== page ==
1896 - William McKinley campaigned from his front porch, while William Jennings Bryan raced around the country seeking votes
    1912 - Three men who ultimately served as President ran against each other
  3. 1932, 1948, 2000 - 1932 - Franklin Roosevelt's victory set the stage for the New Deal
    1948 - Harry Truman faced three serious challengers in a race most thought he would lose
    2000 - Bush vs. Gore — an "insider's" view
  4. 2020 - A discussion with Justin Gray on the issues and candidates in this year’s election

Course # S4T1 — First 4 Weeks
Place:Auditorium, Lifelong Learning Complex, Jupiter Campus
Dates:Tuesdays, March 17, 24, 31; April 7 2020
Time:9:30 - 11 AM
Fee:$50 / member; $65 / non-member

Register Now

The Roosevelt Administration and the Holocaust (Video Recording)

Lecture recorded in Fall 2019 term

One of the most politically-charged questions in American history deals with how the administration of President Franklin Delano Roosevelt reacted to the Nazis. In this newly revised and updated presentation, Professor Nurnberger will review many of the specific examples of actions taken — and not taken — by the Roosevelt Administration, as well as the rationale behind these decisions.

In Roosevelt’s first two terms, the key issues revolved around immigration. The American response to those who sought to flee from Nazi oppression was shaped by domestic political factors, including the Depression, nativism and anti-Semitism. In addition to quotas and other impediments that made it difficult for Jewish refugees to come to the United States, this presentation will analyze a number of specific incidents, including why Cuba and then the United States turned away over 900 German Jewish refugees on the ocean liner S.S. St. Louis.

After the start of World War II, the German army moved throughout Europe. The lives of ever-increasing numbers of Jews were threatened and extinguished. This presentation will review how the United States responded, especially after the administration learned about the Holocaust.

Click here for a video preview.

Video link will be in class' lecture notes. Click here to learn how to access lecture notes for registered classes.
Register Early! There is a $5 charge for registering on the day of a one-time lecture or event.

Course # F1TCV — One Time Event
Place:Auditorium, Lifelong Learning Complex, Jupiter Campus
Dates:Friday, August 28 2020
Time:6 - 6:30 PM
Fee:$30 / member; $35 / non-member

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Congressional 2020 Elections: Examining Possible Results (Video-on-Demand)

Control of both the House of Representatives and the Senate will be determined by the outcome of the upcoming elections. All 435 seats in the House and 35 Senate seats will be contested in November. What is the likely composition of the next Congress? There are currently 232 Democrats and 198 Republicans in the House. Which Party is more likely to control the House after the November elections? Republicans now hold 53 of the 100 Senate seats. Which races are the most competitive? Will Republicans or Democrats have a majority in the next Senate? Dr. Ralph Nurnberger will provide a national update on House and Senate races to provide a preview of the next Congress.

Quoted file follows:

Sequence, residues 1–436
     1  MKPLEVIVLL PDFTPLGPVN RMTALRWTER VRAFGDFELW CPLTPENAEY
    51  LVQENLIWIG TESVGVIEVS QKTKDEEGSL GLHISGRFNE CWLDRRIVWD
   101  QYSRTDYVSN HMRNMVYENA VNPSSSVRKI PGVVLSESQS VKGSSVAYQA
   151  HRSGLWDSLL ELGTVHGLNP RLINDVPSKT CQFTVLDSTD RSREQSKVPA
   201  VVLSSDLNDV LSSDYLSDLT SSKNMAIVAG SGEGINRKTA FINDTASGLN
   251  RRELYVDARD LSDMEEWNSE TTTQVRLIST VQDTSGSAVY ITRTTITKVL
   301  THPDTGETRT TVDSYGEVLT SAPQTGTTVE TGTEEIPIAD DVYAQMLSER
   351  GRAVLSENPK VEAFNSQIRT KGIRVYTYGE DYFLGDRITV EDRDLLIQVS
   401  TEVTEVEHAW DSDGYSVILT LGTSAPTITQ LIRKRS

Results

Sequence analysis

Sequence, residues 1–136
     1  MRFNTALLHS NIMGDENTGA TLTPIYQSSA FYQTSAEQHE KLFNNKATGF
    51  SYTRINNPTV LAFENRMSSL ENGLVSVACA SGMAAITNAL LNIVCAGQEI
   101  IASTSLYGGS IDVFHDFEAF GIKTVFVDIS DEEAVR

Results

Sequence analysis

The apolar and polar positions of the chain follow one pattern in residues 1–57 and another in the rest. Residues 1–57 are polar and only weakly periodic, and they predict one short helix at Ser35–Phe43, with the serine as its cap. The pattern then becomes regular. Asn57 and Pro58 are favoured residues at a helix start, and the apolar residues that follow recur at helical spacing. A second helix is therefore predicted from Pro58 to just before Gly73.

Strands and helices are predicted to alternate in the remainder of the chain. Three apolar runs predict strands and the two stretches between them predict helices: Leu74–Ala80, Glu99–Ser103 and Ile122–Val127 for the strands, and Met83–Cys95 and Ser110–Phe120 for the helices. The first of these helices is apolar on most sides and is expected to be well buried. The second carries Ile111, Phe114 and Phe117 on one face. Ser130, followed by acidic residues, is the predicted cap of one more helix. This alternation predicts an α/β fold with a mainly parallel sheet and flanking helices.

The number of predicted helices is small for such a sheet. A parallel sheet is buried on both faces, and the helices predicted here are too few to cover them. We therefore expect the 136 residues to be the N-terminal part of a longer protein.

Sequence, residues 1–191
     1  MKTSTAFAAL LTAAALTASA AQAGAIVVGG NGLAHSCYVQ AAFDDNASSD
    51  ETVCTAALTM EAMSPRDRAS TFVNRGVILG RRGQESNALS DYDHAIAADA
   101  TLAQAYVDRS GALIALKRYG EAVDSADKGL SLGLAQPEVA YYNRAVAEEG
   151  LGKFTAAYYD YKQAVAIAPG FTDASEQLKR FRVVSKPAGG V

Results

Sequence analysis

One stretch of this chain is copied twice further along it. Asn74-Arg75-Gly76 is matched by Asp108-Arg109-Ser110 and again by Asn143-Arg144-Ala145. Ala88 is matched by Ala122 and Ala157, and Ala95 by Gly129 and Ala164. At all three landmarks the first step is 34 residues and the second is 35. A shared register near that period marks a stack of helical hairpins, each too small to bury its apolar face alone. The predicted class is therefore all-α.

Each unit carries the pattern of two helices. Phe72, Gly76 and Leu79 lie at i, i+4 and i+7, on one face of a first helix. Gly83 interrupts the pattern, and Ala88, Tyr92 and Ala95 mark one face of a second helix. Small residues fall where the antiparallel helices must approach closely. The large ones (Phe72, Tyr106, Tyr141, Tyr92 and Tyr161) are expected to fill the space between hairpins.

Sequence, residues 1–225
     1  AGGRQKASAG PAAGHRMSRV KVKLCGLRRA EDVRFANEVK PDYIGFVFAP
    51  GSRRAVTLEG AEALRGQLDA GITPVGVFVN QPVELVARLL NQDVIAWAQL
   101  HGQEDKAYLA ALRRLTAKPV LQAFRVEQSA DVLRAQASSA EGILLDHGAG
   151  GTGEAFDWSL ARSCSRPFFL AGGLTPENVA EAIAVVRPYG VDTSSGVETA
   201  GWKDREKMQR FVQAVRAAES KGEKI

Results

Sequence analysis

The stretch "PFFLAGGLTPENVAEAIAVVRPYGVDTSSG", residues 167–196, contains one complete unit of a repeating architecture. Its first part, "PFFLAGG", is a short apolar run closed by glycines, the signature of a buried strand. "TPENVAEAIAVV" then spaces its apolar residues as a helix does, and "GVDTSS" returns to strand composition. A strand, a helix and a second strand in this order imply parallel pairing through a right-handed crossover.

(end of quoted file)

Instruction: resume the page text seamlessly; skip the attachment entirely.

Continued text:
This is a Live Zoom Class and will be available for OLLI On Demand. Register early! This class is limited to 100 participants.

Live Zoom link will be in class' lecture notes when made available. Click here to learn how to access lecture notes for registered classes.
Register Early! There is a $5 charge for registering on the day of a one-time lecture or event.

Course # SUF5V — One Time Event
Place:Auditorium, Lifelong Learning Complex, Jupiter Campus
Dates:Monday, August 31 2020
Time:2 - 3:30 AM
Fee:$30 / member; $35 / non-member

Register Now

Congressional 2020 Elections: Examining Possible Results

Control of both the House of Representatives and the Senate will be determined by the outcome of the upcoming elections. All 435 seats in the House and 35 Senate seats will be contested in November. What is the likely composition of the next Congress? There are currently 232 Democrats and 198 Republicans in the House. Which Party is more likely to control the House after the November elections? Republicans now hold 53 of the 100 Senate seats. Which races are the most competitive? Will Republicans or Democrats have a majority in the next Senate? Dr. Ralph Nurnberger will provide a national update on House and Senate races to provide a preview of the next Congress.

This is a Live Zoom Class and will be available for OLLI On Demand. Register early! This class is limited to 100 participants.

Live Zoom link will be in class' lecture notes when made available. Click here to learn how to access lecture notes for registered classes.
Register Early! There is a $5 charge for registering on the day of a one-time lecture or event.

Course # SUF5 — One Time Event
Place:Auditorium, Lifelong Learning Complex, Jupiter Campus
Dates:Friday, July 31 2020
Time:2 - 3:30 PM
Fee:$30 / member; $35 / non-member

Register Now
 Last Modified 2/12/15